I'm a big fan of Jack Kirby
, and some of the more fun parts of the King's legacy have always been those moments where he shows up within the comics and cartoons that he had a hand in shaping. Over the years, Kirby has been denied admittance along with Stan Lee to their creations' wedding in Fantastic Four
, appeared as a floating head made of pure creative force in Alan Moore and Rick Veitch's Supreme
, and even showed up again in the pages of FF
, in the role of, well, God Himself during Mark Waid and Mike Wieringo's run.
And then there was the time that Jack Kirby rented a basement apartment from April O'Neil and teamed up with Donatello the Ninja Turtle to fight an army of monsters brought to life by a magic crystal that he taped to his pencil in another dimension
. That one was a little weird.
The idea behind the crossover first cropped up in a story from Donatello
#1, but it made it to TV during the first season of the 2003 Teenage Mutant Ninja Turtles
reboot, in an episode that was appropriately titled "The King
." Even though I'm a pretty big Kirby fan, I'd never heard of it, largely because -- aside from the truly bizarre TMNT anime
that I covered here at ComicsAlliance -- the last episode of TMNT I watched was on a VHS tape that I got from Pizza Hut when I was nine. Fortunately, someone uploaded the episodes to YouTube
, and when Chad Bowers
stumbled across them, he passed them on to me.
All he told me before I watched it was that it was a Jack Kirby/TMNT team-up, but really: Is there anything
that could possibly make that sound better?
And believe it or not, it's a pretty solid story, too -- even if it does end up going off the rails two or three times before it's all over. After opening with a dedication...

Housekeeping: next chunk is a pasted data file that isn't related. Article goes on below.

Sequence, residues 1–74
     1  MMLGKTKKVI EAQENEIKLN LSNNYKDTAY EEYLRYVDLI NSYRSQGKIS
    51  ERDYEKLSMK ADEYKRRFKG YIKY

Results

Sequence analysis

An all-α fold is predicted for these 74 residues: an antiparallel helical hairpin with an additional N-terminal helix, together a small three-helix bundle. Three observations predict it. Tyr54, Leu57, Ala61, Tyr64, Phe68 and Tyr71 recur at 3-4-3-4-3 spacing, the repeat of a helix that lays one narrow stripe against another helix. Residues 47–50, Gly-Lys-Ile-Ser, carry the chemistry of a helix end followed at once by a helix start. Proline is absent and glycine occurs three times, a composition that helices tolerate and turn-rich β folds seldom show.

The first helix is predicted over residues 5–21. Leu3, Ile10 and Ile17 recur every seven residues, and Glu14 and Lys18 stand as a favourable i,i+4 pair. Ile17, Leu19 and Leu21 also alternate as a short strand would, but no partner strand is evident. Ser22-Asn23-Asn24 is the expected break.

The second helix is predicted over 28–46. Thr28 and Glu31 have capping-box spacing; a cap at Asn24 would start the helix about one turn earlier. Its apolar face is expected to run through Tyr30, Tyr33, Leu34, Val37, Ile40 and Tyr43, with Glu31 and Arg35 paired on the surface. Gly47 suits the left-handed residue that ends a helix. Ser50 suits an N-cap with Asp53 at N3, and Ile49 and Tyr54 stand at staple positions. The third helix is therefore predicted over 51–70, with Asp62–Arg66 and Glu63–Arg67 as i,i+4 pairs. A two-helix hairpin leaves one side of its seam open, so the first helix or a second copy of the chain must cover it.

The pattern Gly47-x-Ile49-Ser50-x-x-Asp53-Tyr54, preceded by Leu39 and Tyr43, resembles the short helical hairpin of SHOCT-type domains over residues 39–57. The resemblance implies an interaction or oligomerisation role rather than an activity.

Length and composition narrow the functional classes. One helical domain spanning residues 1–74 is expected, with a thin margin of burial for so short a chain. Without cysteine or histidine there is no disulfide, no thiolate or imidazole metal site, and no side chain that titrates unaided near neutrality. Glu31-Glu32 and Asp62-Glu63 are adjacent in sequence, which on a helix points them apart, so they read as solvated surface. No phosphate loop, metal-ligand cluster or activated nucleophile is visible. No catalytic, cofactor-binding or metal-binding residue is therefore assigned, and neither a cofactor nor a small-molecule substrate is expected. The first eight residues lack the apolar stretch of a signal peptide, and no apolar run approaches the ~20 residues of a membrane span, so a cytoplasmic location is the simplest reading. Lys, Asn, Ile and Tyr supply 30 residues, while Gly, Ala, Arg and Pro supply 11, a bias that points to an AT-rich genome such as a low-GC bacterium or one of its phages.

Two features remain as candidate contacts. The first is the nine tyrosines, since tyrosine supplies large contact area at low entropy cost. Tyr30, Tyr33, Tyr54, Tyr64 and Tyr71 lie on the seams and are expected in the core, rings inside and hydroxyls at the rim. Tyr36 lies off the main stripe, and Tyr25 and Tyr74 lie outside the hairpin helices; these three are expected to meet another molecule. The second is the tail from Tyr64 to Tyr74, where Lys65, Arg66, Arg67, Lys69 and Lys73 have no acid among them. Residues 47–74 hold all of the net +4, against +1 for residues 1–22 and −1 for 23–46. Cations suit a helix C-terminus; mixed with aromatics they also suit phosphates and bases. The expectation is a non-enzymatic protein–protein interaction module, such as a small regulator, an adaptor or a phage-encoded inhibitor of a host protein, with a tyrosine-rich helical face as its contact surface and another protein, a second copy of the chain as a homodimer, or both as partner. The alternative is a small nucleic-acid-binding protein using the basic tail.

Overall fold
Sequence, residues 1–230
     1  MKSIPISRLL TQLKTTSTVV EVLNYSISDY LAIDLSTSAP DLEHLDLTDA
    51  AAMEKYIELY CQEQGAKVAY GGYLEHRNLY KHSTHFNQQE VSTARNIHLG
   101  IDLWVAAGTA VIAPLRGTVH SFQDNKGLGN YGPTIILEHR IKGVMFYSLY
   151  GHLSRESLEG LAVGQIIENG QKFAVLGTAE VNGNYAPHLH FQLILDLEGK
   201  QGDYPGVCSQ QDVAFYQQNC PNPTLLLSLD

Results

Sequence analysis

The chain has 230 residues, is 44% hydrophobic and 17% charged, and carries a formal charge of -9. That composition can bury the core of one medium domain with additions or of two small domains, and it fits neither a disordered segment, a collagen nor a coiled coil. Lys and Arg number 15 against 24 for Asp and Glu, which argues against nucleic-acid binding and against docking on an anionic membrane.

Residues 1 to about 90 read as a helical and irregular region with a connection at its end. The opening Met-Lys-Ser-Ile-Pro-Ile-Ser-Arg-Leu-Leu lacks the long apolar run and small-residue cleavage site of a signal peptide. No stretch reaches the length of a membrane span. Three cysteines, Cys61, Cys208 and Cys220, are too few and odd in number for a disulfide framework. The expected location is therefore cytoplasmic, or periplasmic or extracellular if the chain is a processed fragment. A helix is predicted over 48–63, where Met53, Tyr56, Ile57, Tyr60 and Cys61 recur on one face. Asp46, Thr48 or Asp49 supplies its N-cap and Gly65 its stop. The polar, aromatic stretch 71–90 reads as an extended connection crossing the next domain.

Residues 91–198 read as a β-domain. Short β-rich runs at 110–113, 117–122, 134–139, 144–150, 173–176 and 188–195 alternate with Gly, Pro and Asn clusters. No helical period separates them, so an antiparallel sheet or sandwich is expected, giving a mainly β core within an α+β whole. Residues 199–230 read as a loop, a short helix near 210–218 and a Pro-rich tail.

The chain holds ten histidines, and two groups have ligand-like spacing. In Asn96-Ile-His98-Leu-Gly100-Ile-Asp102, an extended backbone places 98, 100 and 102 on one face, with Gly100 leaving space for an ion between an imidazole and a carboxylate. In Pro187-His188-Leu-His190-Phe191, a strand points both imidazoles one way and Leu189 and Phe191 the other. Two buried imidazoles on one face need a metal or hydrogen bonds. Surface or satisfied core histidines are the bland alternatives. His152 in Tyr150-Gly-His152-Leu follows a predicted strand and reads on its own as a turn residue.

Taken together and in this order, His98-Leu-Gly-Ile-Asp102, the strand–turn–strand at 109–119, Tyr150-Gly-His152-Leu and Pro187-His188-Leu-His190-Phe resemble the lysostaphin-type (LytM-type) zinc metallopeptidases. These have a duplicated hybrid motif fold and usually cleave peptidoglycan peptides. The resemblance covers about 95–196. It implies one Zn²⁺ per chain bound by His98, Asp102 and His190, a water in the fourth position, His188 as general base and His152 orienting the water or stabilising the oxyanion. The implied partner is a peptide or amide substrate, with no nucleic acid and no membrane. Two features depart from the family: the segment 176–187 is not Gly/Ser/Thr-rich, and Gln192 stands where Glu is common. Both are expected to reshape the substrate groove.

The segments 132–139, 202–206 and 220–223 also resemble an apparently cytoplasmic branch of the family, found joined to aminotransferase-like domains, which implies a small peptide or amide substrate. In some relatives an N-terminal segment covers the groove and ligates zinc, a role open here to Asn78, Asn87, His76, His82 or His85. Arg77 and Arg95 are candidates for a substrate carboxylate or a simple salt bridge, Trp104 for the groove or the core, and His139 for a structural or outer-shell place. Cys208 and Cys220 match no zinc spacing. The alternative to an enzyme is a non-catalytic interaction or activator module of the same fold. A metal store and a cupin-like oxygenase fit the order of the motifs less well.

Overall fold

...the show immediately offers up one of the single best lines in Ninja Turtle history:
DONATELLO: Being a Ninja Turtle, I've seen a lot of crazy things over the past few years.
That kind of understatement just doesn't come along every day, especially spoken by a six-foot tall talking turtle who had been trained by a rat in the ancient arts of assassination and espionage. The fact that he is even capable
of being surprised at this point is a testament to his enthusiasm.
Aside from that opening sequence where Donatello is facing down an army of "weirdies" in what appears to be Asgard, however, things start out pretty slow. There's a lot of hanging out at April's apartment, talking about how they fought the Shredder before, and, in the single most shocking moment of the episode, ordering Chinese food.
pizza?! Get your filthy hands off my childhood, TMNT reboot!
Anyway, Donatello -- who, as you might remember Does Machines -- eventually heads downstairs to fix the boiler, only to find himself suddenly attacked by what appears to be the Player 2 version of a Parademon:
After attacking, the monster vanishes, leaving Donatello alone in the hallway. Clearly, this bears investigating, but when Don starts poking around, all he finds is the basement apartment and its lone occupant, drawing on a sketch pad. As he draws, though, his creations come to life and leap off the page, lasting a few minutes before vanishing.
The fact that this has been going on for a while goes a long way towards explaining why he's only mildly
surprised when a talking turtle in a purple domino mask walks in strikes up a conversation. After Donatello assures him that he's not a vengeful monster, the artist introduces himself as Kirby
(of course), and explains that his drawings are coming to life because of a magic pink crystal that he's tied to his pencil for reasons that are well beyond my comprehension:
This is the only episode I've seen so I don't know if magic crystals are a recurring plot element in this show, but I can definitely tell you that this is never once addressed or explained after this single mention
. Apparently Kirby was just hanging out one day, found a glowing chunk of rock, and decided to tie it to his pencil with a piece of string and set about drawing some monsters. You know, as one does.